En Casa De Sebastián Cormellas El Call, Barcelona 1603 - .(*)y de muchos sucesos y guerras suyas, y de sus obispos y santos, y de los Condes de Urgel, Cerdeña, y Besalú, y de muchas otras cosas de Cathaluña. Portada a dos tintas y con el escudo de Catalunya - 7 hojas - 318 folios - 10 hojas. texto a doble columna y enmarcado. Letras capitulares todas muy decoradas y orlas xilografiadas. Muy buena restauración en 3 folios maltrechos y distintos retoques en vértices blancos de varios folios. Ejemplar muy bien conservado encuadernado por Brugalla a plena piel muy elegantemente decorada con hierros al oro. Lomera con nervios y florones. Cantos fileteados. Guardas enmarcadas en piel decorada y cortes dorados. Palau: 71630. Palau en su ficha transcribe una nota de 1719 resaltando la rareza de este libro, por los pocos ejemplares impresos. =Francisco Diago nació en Viver en 1562. Obtuvo el doctorado y la cátedra de teología. Llevó a cabo diferentes estudios de carácter histórico que dieron lugar a un número importante de publicaciones, entre las que cabe destacar las siguientes: Historia de la vida y milagros, muerte y discípulos de San Vicente Ferrer (1600); Historias de los victoriosísimos, antiguos Condes de Barcelona (1603); Anales del Reyno de Valencia (1613). Murió en 1615 habiendo sido nombrado por Felipe III, un año antes, cronista mayor de la Corona de Aragón. Size: Folio [Attributes: First Edition; Hard Cover]

      [Bookseller: BALAGUÉ LLIBRERÍA ANTIQUARIA]
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        L'OPERE DI VERGILIO CIOE LA BUCOLICA GEORGICA E ENEIDA NUOVAMENTE DA DIVERSI ECCELLENTISSIMI AUTTORI TRADOTTE IN VERSI SCIOLTI

      VENEZIA: APPRESSO NICOLO TEBALDINI, 1603. In 16. Dim. 15x10x6 cm. Pp. (16)+375+(1). Bella edizione del 1603 di questa interessante raccolta di opere del poeta e filosofo latino Publio Virgilio Marone (70 a.c.-19 a.c.). Il volume raccoglie le opere Bucoliche, Georgiche ed Eneide. Traduzione italiana a cura di diversi autori: Bucoliche a cura di Andrea Lori poeta fiorentino, Georgica di Daniello Bernardino (m. 1565 a Padova) letterato e traduttore, Eneide a cura di Alessandro Sansedoni, Hippolito de Medici, Bernardino Borgesi, Lodovico di Lorenzo Martelli, Tommaso Procacci da Castiglione Aretino, Alessandro Piccolomini, Giuseppe Bitussi, Leonardo Ghini, Benedetto Binerbetti vescovo di Arezzo, Lodovico Domenichi, Paolo Mini (ogni canto affidato ad un diverso traduttore). L'opera è in un volume ed è completa. Il testo è impreziosito da 24 finissime incisioni su legno. Legatura in piena pergamena coeva con titolo manoscritto al dorso. In buone condizioni. Non comune, solo sei copie censite su ICCU. Copertina in piena pergamena coeva con titolo manoscritto al dorso in discrete condizioni generali con usure e parti mancanti ai margini e dorso. Legatura in discrete condizioni con rotture. Corpo del libro in parte staccato dalla legatura. All'interno le pagine si presentano in buone condizioni con fioriture e qualche lieve gora d'umidità marginale. Qualche parte mancante al frontespizio. Beautiful edition of 1603 of this interesting collection of works byt he latin poet and phylosopher Publio Virgilio Marone (70 a.c.-19 a.c.). The volume collects the works Bucoliche, Georgiche and Eneide. Italian translation cared by different authors: Bucoliche by Andrea Lori poet from Florence, Georgica by Daniello Bernardino (m. 1565 in Padoa) letterate and translator, Eneide by Alessandro Sansedoni, Hippolito de Medici, Bernardino Borgesi, Lodovico di Lorenzo Martelli, Tommaso Procacci da Castiglione Aretino, Alessandro Piccolomini, Giuseppe Bitussi, Leonardo Ghini, Benedetto Binerbetti bishop of Arezzo, Lodovico Domenichi, Paolo Mini (each chant given to each translator). The work is in one volume and it is complete. The text is enriched by 24 very fine woodcuts. Full parchment coeval cover with manuscripted title in the spine. In good conditions. Not common work. Full parchment coeval cover with manuscripted title in the spine in fair general conditions with wearings and missing parts in the edges and spine. Binding in fair conditions with cracks. The body of the book partially detached from the cover. Inside pages are in good conditions with foxings and some slight humidity stains in the edges. Some missing parts in the title page.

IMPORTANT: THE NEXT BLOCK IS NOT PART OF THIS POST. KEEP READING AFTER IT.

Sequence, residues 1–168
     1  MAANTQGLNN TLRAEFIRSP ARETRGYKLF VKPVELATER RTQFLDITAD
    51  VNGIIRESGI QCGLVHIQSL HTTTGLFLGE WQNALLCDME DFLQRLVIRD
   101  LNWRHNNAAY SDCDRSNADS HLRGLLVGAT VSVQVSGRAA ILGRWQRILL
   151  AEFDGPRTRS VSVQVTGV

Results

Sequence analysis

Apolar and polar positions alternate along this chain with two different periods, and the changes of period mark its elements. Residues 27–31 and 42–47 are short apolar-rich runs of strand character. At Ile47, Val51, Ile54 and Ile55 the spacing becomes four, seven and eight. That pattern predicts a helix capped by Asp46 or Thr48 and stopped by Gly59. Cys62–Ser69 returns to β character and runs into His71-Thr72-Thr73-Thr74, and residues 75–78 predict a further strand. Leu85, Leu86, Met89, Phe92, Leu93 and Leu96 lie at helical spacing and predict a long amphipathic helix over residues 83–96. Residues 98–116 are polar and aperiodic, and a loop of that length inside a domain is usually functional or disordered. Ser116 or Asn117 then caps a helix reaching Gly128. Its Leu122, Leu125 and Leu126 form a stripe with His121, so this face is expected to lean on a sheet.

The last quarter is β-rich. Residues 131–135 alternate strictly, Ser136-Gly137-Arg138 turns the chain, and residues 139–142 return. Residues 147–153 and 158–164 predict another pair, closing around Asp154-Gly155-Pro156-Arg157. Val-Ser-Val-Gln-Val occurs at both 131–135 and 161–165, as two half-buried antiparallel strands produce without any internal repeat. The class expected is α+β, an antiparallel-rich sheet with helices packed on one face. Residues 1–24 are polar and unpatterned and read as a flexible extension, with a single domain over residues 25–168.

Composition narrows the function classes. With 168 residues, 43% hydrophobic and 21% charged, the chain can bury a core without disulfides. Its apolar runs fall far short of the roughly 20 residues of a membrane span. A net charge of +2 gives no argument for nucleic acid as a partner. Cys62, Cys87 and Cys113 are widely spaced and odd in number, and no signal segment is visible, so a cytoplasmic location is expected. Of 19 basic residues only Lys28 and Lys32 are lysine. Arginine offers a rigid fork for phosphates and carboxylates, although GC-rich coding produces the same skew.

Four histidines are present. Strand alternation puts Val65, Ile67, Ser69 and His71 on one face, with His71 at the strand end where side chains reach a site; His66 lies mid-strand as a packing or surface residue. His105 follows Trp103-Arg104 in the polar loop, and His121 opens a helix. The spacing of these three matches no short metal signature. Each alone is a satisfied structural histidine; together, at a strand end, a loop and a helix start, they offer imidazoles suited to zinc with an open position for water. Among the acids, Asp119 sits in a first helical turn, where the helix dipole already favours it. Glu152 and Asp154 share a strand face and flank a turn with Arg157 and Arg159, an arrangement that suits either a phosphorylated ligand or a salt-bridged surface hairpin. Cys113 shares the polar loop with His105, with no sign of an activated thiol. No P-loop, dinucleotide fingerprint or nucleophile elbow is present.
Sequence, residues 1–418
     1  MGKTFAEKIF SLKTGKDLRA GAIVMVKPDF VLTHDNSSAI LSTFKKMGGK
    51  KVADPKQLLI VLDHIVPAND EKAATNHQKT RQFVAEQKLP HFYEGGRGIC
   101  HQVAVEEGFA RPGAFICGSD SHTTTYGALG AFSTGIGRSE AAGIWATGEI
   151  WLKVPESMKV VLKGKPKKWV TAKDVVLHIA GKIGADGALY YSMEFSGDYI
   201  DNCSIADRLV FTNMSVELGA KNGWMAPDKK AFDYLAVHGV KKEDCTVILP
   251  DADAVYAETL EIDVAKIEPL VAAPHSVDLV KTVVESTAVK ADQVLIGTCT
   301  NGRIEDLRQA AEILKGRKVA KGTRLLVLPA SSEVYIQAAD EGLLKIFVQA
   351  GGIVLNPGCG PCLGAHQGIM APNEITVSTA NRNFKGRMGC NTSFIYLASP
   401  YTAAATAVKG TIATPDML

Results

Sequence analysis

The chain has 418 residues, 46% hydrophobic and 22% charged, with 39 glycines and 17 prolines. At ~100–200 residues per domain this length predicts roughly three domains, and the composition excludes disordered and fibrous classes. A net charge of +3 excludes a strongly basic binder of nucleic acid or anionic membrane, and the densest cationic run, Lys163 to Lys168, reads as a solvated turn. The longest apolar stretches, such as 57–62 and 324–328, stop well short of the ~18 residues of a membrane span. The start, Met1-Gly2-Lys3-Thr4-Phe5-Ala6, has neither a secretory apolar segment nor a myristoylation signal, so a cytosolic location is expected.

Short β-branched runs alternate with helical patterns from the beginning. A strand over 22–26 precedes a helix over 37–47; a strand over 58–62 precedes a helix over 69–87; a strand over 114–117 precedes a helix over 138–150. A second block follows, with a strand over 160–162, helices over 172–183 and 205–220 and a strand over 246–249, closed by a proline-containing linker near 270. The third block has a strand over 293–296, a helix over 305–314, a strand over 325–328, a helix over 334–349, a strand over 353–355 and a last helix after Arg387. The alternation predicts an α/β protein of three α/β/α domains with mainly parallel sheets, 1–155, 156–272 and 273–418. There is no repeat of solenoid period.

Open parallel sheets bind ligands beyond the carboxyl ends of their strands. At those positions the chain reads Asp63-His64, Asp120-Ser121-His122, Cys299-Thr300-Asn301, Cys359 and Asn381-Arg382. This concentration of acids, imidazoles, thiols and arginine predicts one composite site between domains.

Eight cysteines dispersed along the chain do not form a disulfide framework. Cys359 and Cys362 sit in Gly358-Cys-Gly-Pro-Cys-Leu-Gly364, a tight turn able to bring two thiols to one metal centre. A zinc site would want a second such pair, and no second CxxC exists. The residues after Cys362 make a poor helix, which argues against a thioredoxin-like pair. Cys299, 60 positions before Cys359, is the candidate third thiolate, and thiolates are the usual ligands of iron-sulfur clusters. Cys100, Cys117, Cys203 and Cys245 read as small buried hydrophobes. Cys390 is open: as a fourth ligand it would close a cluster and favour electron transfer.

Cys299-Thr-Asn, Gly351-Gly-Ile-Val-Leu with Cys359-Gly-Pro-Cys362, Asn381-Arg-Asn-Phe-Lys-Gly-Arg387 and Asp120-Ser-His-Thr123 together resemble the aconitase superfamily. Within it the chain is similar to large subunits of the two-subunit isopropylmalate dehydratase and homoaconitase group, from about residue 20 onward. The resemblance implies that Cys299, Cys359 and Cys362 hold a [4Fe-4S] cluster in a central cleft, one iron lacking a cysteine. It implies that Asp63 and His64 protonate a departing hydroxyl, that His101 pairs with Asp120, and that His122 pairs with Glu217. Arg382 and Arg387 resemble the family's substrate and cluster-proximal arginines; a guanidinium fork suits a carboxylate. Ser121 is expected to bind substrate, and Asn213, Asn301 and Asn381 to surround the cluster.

[Bookseller: Sephora di Elena Serru]
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        Mahometism fully explained: ... Written in Spanish and Arabick, in the year M.DC.III. for the instruction of the Moriscoes in Spain. ... London, W. Mears (vol. 1); the author (vol. 2), 1723-1725. 2 volumes. 8vo. With 2 folding plates (including frontispiece) and a folding letterpress genealogical table. Contemporary blind-tooled calf. Rebacked.

      ESTC T92870; cf. Matar, Europe through Arab eyes, p. 14. A thorough account of Islam and the life of the prophet Muhammad, based on a 1603 manuscript by the Morisco poet Muhammad Rabadan, translated and annotated by Joseph Morgan. The manuscript, written in a combination of Spanish and Aljamiado, was meant for the instruction of Moriscos, Muslims in parts of Al-Andalus (Spain) who were forced to convert to Christianity. They were expelled from Spain in the early 17th century. The text of the manuscript is followed by an account of the Moriscos by Joseph Morgan, which makes it particularly valuable. He quotes several contemporary sources, including a 1615 letter by al-Karim ibn Ali Perez, an expelled Morisco, who castigates the Spanish for their barbarous treatment of Muslims. The plates show Muslims in prayer and the Kaaba in Mecca.Each title-page with owner's name. Slightly browned, some stains, bindings slightly worn and neatly rebacked. An important source for the history of the Moriscos.

      [Bookseller: ASHER Rare Books (Since 1830)]